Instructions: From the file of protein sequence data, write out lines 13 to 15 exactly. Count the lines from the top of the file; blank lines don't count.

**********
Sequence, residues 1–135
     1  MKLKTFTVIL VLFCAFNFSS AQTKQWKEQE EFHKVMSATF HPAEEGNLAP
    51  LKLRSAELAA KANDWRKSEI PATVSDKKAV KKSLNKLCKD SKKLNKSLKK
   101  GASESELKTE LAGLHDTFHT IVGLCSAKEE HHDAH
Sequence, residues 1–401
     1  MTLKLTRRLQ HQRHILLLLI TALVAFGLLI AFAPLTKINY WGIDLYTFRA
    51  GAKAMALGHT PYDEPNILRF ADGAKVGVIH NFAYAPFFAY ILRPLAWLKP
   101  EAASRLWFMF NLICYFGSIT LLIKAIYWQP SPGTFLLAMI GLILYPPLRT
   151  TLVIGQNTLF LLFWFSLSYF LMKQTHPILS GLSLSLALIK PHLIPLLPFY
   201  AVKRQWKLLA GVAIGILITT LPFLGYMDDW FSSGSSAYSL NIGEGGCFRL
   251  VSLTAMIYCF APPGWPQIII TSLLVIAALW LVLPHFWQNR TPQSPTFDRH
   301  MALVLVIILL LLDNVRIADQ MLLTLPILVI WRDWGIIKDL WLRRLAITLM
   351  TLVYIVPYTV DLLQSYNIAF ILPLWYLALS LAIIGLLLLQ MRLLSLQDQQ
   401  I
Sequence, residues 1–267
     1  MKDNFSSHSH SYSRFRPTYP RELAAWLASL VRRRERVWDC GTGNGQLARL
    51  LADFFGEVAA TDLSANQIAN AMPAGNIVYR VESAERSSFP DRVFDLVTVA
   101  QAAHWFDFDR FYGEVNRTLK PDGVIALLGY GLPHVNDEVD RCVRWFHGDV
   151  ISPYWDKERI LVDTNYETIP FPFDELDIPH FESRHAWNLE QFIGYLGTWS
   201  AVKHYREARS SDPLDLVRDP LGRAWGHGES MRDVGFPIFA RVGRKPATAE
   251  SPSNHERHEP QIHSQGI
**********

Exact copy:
   351  TLVYIVPYTV DLLQSYNIAF ILPLWYLALS LAIIGLLLLQ MRLLSLQDQQ
   401  I
Sequence, residues 1–267